[lug] NTP Configuration

Nate Duehr nate at natetech.com
Thu Sep 27 15:35:39 MDT 2001

And on Debian (cause I think that's what you're using) if your clock is
off by more than five minutes (if I remember correctly) xntpd will do
the "right thing" and NOT synch your clock, assuming something is REALLY

Do an ntpdate time-a.nist.gov or whatever time server you like to get
the clock in sync then /etc/init.d/ntp restart and watch the log files
in /etc/ntp (on Debian if you haven't changed the default configs) to
see if you get an in synch message -- it can take a little while even if
you just did the ntpdate.

On Wed, Sep 26, 2001 at 10:18:25AM -0600, Kevin Fenzi wrote:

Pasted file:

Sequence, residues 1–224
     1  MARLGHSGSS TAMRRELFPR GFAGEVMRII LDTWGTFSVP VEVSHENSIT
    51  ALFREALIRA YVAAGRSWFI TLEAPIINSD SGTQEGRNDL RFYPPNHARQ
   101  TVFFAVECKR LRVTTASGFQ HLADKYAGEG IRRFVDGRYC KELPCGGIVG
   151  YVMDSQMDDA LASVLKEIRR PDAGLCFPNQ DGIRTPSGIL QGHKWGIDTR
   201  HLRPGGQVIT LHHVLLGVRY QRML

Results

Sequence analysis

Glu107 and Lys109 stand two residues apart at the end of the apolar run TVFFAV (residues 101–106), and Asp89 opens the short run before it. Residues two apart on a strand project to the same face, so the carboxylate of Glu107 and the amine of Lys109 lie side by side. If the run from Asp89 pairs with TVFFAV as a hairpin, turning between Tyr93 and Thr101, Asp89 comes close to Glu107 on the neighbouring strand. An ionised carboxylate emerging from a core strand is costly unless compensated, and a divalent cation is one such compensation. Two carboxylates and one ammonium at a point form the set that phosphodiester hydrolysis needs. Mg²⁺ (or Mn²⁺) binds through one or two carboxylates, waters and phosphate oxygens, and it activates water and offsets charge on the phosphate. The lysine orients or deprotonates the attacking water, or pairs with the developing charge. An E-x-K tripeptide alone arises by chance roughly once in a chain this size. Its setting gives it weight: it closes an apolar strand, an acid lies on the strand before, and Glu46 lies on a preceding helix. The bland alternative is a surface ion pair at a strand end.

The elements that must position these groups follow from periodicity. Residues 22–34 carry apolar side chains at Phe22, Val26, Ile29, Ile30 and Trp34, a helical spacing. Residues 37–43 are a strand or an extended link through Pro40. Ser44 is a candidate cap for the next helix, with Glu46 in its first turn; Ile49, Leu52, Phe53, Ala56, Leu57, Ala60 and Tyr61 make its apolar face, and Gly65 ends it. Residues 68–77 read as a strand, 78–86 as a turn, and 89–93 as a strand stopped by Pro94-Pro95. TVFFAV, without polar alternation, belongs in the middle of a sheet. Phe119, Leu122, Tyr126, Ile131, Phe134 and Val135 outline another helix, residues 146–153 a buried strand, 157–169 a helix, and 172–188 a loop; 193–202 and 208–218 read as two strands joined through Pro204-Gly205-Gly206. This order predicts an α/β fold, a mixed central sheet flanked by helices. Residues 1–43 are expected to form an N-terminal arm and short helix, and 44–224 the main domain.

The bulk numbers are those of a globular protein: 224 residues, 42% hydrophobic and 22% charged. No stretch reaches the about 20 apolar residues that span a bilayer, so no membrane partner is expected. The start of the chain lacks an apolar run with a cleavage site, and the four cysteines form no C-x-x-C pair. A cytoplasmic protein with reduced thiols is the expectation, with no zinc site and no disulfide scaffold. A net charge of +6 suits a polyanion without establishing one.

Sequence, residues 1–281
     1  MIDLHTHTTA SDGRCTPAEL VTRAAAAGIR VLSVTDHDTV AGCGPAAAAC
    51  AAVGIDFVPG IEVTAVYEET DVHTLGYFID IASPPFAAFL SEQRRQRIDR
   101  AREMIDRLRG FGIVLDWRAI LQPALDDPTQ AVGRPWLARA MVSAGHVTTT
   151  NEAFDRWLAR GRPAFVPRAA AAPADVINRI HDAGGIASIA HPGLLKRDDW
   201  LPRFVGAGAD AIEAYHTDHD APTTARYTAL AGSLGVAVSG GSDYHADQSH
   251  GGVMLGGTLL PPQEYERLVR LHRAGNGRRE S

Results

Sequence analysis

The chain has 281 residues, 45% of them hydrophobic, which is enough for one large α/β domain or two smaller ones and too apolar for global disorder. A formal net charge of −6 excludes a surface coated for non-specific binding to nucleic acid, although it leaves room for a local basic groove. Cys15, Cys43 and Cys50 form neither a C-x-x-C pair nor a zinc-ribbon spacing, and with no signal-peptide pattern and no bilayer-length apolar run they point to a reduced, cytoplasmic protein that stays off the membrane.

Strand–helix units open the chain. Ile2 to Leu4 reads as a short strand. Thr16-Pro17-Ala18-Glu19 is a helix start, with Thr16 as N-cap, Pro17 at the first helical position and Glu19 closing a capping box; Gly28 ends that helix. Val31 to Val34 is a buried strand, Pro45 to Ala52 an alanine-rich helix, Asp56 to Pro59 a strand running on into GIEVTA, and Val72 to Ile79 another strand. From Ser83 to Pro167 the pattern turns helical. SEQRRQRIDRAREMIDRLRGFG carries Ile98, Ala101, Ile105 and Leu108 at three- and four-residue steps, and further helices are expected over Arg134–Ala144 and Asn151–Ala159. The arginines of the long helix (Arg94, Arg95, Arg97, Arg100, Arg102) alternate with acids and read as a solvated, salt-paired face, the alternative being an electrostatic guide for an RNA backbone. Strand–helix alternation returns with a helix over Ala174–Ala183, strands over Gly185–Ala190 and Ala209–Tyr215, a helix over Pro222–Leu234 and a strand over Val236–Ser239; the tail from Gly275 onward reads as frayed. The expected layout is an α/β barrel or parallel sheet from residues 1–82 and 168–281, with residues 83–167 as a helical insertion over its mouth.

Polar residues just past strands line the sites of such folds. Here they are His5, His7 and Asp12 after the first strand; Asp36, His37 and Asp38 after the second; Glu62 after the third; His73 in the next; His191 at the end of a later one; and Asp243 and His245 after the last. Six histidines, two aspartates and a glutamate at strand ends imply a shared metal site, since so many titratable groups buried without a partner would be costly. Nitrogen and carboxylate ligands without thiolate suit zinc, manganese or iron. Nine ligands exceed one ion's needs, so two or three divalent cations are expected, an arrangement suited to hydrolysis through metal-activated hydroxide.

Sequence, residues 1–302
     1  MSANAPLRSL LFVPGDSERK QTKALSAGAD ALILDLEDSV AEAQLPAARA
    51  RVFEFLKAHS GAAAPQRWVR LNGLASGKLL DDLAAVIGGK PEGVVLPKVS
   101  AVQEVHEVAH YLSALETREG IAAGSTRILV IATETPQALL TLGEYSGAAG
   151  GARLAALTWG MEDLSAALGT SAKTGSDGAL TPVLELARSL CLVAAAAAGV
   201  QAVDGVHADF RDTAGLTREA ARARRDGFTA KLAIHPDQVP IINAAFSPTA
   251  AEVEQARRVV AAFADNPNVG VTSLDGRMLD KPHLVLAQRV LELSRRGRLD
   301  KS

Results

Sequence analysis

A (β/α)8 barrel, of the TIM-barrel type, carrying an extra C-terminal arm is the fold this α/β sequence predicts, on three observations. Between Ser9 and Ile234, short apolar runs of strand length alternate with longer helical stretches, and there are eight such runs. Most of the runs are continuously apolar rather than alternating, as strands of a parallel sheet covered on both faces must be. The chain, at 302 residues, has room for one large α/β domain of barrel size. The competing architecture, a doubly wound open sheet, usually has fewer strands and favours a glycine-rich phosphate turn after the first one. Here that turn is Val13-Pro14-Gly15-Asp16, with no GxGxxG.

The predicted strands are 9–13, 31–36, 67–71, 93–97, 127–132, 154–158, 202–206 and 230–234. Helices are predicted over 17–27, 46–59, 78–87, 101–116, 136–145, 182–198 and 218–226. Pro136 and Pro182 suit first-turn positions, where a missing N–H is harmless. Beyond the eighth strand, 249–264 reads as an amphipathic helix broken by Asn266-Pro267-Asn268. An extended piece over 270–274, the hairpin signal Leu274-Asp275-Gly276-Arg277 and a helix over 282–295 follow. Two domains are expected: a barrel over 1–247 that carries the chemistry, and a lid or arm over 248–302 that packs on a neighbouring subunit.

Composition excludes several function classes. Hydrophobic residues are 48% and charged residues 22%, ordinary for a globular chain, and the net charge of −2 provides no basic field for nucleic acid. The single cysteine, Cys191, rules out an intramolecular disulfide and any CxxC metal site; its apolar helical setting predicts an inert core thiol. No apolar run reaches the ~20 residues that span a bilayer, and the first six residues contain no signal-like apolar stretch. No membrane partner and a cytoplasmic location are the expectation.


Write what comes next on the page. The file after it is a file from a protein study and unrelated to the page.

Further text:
> >>>>> "Glenn" == Glenn Murray <gmurray at Mines.EDU> writes:
> Glenn> No luck, the /etc/ntp.conf server time-c.timefreq.bldrdoc.gov
> Glenn> #server time-b.timefreq.bldrdoc.gov #server
> Glenn> time-a.timefreq.bldrdoc.gov server time.nist.gov server
> Glenn> utcnist.colorado.edu driftfile /var/lib/ntp/ntp.drift
> Glenn> #dirfitfile /etc/ntp/drift authenticate no
> Glenn> still gives
> Glenn> $ sudo ntpdate -v 26 Sep 09:14:07 ntpdate[556]: no servers can
> Glenn> be used, exiting
> note that ntpdate is a command line tool, and doesn't read the config
> file. If you run ntpdate you should do:
> ntpdate time.nist.gov
> (or whatever server you want to sync to). 
> To see your config file working you need to start the xntpd and wait a
> bit and should see syslog messages from it about being synced. ;) 
> kevin
> -- 
> Kevin Fenzi
> MTS, tummy.com, ltd.
> http://www.tummy.com/  KRUD - Kevin's Red Hat Uber Distribution
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Nate Duehr <nate at natetech.com>

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